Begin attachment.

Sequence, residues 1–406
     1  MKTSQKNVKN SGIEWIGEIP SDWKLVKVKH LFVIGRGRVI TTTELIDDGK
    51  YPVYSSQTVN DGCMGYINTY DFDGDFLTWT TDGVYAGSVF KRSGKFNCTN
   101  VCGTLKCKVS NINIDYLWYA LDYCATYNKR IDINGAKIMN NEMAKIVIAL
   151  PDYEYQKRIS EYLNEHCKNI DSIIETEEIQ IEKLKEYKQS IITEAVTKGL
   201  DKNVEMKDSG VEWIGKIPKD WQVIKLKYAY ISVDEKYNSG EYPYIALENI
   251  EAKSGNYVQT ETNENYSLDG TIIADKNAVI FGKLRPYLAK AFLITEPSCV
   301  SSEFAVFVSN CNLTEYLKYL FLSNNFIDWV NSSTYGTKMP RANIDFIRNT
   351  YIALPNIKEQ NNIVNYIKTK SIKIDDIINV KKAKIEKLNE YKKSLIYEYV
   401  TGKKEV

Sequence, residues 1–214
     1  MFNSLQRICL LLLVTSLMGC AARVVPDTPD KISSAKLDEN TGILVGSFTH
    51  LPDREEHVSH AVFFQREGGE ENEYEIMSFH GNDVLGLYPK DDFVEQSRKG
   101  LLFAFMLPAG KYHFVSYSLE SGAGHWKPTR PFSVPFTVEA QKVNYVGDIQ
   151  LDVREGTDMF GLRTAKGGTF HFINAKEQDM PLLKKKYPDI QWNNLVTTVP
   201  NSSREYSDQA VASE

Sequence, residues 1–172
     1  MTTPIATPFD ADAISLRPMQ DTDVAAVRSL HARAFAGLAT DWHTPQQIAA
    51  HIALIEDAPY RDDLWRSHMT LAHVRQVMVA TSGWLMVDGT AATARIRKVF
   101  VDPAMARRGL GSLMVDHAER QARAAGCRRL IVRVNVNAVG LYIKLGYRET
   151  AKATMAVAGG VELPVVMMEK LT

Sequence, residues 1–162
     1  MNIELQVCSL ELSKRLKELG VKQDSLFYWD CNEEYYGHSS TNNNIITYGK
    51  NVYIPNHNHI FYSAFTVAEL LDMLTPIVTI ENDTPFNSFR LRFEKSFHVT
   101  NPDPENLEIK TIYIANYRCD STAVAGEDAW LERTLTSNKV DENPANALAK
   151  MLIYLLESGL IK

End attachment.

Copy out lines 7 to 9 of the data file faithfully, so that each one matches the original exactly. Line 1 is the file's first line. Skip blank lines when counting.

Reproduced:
   251  EAKSGNYVQT ETNENYSLDG TIIADKNAVI FGKLRPYLAK AFLITEPSCV
   301  SSEFAVFVSN CNLTEYLKYL FLSNNFIDWV NSSTYGTKMP RANIDFIRNT
   351  YIALPNIKEQ NNIVNYIKTK SIKIDDIINV KKAKIEKLNE YKKSLIYEYV